For information on how works AUC and ROC in detail:
this paper from HP laboratories is simply incredible, very clear.
For those interested in git and github:
The following 2 are very good:
and for the most common problems use this link….very very good
https://www.coursera.org/course/datascitoolbox …. has some lessons on git and github
For those who start in R:
– First, install R : http://cran.rstudio.com
– Second and most important, install RStudio: http://www.rstudio.com/products/rstudio/download/
– Third, work always with RStudio. Provides a user interface quite similar to Matlab, and is very easy to use.
– Fourth, do this free online course: https://www.coursera.org/course/rprog
(the more energetics can do the complete series: https://www.coursera.org/specialization/jhudatascience/1?utm_medium=listingPage)
– Fifth, here you have reference information:
but in the web you have tons of information about R.
– The last point, when you look up for information on google about R, use always R written as [R], otherwise you won’t have very useful results…..
New edition coming of:
Mining Massive Datasets from Stanford
On this month starts a new edition of the Statistical Learning course in Stanford on-line:
and excellent course from Hastie and Tibshirani. The course is based on R.
Here is an excellent list of tools from python that you can use for your machine learning projects:
extracted from this reference:
- NumPy/Scipy You probably know about these already. But let me point out the Cookbook where you can read about many statistical facilities already available and the Example List which is a great reference for functions (including data manipulation and other operations). Another handy reference is John Cook’s Distributions in Scipy.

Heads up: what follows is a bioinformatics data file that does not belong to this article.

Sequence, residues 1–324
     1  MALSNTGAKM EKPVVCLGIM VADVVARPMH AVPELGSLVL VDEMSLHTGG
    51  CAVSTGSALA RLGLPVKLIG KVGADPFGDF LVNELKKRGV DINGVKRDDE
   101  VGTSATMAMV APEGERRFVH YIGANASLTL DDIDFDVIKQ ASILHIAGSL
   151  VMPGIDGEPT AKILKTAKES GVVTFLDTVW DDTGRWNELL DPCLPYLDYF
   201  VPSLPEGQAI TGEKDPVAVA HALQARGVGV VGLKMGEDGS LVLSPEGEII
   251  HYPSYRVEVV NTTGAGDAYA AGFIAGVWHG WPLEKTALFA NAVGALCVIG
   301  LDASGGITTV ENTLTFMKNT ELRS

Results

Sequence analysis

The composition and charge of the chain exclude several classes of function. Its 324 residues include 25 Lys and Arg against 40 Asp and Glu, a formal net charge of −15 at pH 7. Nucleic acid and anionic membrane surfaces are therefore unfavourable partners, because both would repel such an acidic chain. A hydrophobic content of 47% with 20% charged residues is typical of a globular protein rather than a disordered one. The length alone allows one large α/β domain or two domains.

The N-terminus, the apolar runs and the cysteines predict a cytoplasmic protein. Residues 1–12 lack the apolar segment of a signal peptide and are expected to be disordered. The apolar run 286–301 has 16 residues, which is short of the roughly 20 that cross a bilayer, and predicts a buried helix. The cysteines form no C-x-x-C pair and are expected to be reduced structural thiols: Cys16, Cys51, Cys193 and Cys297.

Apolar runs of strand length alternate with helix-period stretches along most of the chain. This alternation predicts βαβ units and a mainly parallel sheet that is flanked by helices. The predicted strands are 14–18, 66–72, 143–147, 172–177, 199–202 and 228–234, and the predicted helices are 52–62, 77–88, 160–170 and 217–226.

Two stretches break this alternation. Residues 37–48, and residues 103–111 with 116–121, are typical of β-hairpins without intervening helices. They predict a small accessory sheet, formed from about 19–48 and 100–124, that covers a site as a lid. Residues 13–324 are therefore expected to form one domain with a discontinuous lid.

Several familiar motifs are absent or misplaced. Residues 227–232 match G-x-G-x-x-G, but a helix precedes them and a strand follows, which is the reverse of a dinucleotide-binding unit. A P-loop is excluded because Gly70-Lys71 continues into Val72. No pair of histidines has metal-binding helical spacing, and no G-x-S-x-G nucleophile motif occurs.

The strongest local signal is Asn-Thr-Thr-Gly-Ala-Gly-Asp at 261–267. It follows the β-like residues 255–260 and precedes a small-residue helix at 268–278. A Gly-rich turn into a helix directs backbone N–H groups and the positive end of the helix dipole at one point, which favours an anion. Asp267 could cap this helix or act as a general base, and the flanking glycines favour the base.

- pandas This is a really nice library for working with statistical data — tabular data, time series, panel data. Includes many builtin functions for data summaries, grouping/aggregation, pivoting. Also has a statistics/econometrics library.
- larry Labeled array that plays nice with NumPy. Provides statistical functions not present in NumPy and good for data manipulation.
- python-statlib A fairly recent effort which combined a number of scattered statistics libraries. Useful for basic and descriptive statistics if you’re not using NumPy or pandas.
- statsmodels Statistical modeling: Linear models, GLMs, among others.
- scikits Statistical and scientific computing packages — notably smoothing, optimization and machine learning.
- PyMC For your Bayesian/MCMC/hierarchical modeling needs. Highly recommended.
- PyMix Mixture models.
If speed becomes a problem, consider Theano — used with good success by the deep learning people.
Information for the tools:
for a short summary on pandas:
This is an incredible series of lectures from
and here is a whole series of lectures on linear algebra and tensor calculus from the same professor that is extraordinarily good
His is also this book: